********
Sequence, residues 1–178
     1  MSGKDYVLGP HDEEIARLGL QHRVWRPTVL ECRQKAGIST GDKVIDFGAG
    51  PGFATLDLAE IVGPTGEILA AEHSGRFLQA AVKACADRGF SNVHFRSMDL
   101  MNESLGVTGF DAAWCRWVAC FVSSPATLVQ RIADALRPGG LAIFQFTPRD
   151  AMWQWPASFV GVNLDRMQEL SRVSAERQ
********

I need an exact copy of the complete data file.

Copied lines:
Sequence, residues 1–178
     1  MSGKDYVLGP HDEEIARLGL QHRVWRPTVL ECRQKAGIST GDKVIDFGAG
    51  PGFATLDLAE IVGPTGEILA AEHSGRFLQA AVKACADRGF SNVHFRSMDL
   101  MNESLGVTGF DAAWCRWVAC FVSSPATLVQ RIADALRPGG LAIFQFTPRD
   151  AMWQWPASFV GVNLDRMQEL SRVSAERQ